KC:To stay in this industry long-term, you must see Financial Aid as a vocation, not an avocation. When I worked at one college, I posted a sign on the wall where I could see it daily.


It read,

"A student is not an interruption of our work – he is the purpose of it. We are not doing him a favor by serving him- he is doing us a favor by giving us the opportunity to do so. A student is not an outsider to our work – he is the purpose of it".


I see every meeting, phone call, and conversation in that light.

Saying "I don't know" is okay. We put so much pressure on ourselves (especially in this information age) to have the answer at our fingertips. People will respect and trust you more if you say, "I don't know, but I'll find out," and then do it. It's also okay to admit you've made a mistake – taking responsibility for an error is not a sign of weakness but of humanity.


Use all the resources available to you. You can be part of many great websites, conferences, webinars, and forums. Sites like Federal Student Aid Partners (fsapartners.ed.gov) and NASFAA (NASFAA.org) are great resources. Take the time to learn the sites and what information is available.


There are also state associations where you can make connections with colleagues. And if you have a Financial Aid Management system like Ellucian or Oracle, there are forums where you can discuss similar processes and find ways to make your work more efficient.


Make time for yourself and draw a line between work and home. A lot of people have shifted to working from home, and they aren't used to it. I've been working from home for 23 years. I had a 4-year-old and a 1-year-old when I started working from home, so I understand the challenge. If possible, set up your workspace in a place you can walk away from at the end of the day. Treat your home office as off-limits during family time. And during work hours, treat your home office as if you are not home.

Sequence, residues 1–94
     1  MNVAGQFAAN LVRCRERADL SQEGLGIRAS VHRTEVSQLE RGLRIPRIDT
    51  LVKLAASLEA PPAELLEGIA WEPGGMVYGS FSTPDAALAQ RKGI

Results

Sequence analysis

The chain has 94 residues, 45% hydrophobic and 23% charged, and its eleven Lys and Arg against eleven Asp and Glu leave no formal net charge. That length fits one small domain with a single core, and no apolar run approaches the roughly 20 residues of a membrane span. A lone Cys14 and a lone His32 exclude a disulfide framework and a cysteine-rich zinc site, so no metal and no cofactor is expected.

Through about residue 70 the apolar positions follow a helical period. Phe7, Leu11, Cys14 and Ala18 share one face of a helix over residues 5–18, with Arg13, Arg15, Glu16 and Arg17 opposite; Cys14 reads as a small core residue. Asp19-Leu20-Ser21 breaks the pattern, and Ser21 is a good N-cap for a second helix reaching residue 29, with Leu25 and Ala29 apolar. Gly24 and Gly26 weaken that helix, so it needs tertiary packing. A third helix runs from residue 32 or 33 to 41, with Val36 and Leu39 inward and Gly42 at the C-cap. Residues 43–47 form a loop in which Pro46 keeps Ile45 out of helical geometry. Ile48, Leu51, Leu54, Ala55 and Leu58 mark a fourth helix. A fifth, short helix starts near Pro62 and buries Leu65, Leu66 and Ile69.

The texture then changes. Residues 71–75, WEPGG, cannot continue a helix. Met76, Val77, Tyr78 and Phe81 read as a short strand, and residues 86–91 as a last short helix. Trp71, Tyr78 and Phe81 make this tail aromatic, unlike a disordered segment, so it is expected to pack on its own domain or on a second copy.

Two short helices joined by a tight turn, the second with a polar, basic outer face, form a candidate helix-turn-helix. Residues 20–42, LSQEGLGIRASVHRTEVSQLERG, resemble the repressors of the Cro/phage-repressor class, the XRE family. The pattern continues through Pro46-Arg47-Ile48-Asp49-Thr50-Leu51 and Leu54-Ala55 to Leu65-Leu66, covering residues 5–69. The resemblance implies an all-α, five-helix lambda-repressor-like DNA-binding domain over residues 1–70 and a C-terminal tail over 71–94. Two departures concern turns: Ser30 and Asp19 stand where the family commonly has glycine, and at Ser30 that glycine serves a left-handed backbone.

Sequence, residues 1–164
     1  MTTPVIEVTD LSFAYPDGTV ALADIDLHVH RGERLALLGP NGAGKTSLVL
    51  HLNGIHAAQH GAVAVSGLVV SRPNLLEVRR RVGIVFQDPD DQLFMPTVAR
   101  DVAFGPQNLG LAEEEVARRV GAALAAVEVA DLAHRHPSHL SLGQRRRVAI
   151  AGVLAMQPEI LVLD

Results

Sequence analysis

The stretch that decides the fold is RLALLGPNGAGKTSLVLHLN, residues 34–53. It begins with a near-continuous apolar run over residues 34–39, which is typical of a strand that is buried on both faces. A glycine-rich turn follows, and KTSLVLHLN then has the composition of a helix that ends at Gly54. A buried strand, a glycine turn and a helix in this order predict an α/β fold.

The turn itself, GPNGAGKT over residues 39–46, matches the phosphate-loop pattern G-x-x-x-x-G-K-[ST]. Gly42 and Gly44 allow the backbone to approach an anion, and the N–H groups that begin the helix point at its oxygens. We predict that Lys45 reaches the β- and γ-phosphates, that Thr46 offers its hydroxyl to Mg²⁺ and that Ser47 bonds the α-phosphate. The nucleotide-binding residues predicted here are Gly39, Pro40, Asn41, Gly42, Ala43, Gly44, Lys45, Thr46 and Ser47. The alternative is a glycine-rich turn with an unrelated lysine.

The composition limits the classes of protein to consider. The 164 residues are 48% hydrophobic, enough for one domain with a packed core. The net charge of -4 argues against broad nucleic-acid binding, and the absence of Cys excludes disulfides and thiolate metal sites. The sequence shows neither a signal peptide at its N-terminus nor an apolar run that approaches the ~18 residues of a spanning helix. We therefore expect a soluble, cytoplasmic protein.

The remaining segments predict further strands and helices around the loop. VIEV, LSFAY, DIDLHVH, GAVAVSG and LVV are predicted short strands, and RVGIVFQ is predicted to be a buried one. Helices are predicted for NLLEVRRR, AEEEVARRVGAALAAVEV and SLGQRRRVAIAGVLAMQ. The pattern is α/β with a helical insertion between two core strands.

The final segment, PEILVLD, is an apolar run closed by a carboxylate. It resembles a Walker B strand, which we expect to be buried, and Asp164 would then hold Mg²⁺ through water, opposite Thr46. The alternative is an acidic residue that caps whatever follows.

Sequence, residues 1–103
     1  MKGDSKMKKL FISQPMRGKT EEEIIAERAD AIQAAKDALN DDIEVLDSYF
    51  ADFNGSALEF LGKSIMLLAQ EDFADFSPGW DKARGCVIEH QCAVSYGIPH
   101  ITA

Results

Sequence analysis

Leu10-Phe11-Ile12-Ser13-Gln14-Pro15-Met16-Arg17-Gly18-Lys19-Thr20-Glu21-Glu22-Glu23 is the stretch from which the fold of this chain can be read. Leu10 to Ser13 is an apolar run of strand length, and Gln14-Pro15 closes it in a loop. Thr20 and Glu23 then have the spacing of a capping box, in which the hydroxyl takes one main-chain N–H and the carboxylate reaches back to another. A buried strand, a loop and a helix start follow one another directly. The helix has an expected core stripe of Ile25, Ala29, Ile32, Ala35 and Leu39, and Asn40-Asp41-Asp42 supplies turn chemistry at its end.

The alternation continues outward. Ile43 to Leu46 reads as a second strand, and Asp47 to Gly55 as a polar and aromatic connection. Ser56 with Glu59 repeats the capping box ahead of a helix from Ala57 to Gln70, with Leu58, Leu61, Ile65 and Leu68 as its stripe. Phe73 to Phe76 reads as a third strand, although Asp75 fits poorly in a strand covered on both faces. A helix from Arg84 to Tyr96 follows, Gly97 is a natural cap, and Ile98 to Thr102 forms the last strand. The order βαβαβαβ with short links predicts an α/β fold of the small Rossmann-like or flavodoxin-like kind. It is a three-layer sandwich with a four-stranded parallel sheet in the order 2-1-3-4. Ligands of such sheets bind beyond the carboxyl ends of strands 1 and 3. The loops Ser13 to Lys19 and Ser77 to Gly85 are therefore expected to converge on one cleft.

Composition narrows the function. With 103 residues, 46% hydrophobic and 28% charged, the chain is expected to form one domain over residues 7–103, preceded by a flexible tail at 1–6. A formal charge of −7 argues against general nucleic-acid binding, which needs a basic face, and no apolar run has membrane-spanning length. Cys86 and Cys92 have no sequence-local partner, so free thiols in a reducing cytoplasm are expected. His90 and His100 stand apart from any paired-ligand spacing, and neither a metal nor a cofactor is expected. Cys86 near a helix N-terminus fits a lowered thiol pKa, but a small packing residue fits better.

Multi-tasking is a lie. People who "multitask" are great at moving quickly from one thing to the next but are still only dealing with one thing at a time. Frantic bouncing from one thing to another won't help in the long run. Focus on what you are doing at the time and finish it, so that you don't waste time bouncing back and forth.

What motivates you to stay in this industry?

KC: I love that the industry keeps changing and growing. Each day there are new people to meet or a new puzzle to solve. If you are the type of person that gets bored quickly, I recommend a career in Financial Aid. Just about the time you get used to doing things a certain way, the regulation changes, or a student presents a new challenge.


I also love teaching folks how to use ELM to make their lives easier. Knowing I am making a school task easier makes my day. Training, troubleshooting with a lender, or helping someone reconcile funds disbursed is very rewarding.

About Karen Cooper:

Karen Cooper, From ELM Resources at her desk

Karen Cooper has been a critical member of the ELM Team for 21+ years, providing training and support to ELM's school and lender clients. Before that, she enjoyed her work in the Financial Aid offices at Milligan College in Tennessee and Wheaton College in Illinois. She loves working at ELM because it allows her to help schools and lenders in their mission to assist students in making their dreams come true. Outside ELM, she spends time with her husband, two grown children, and friends. She is passionate about singing and helping others be/do their best.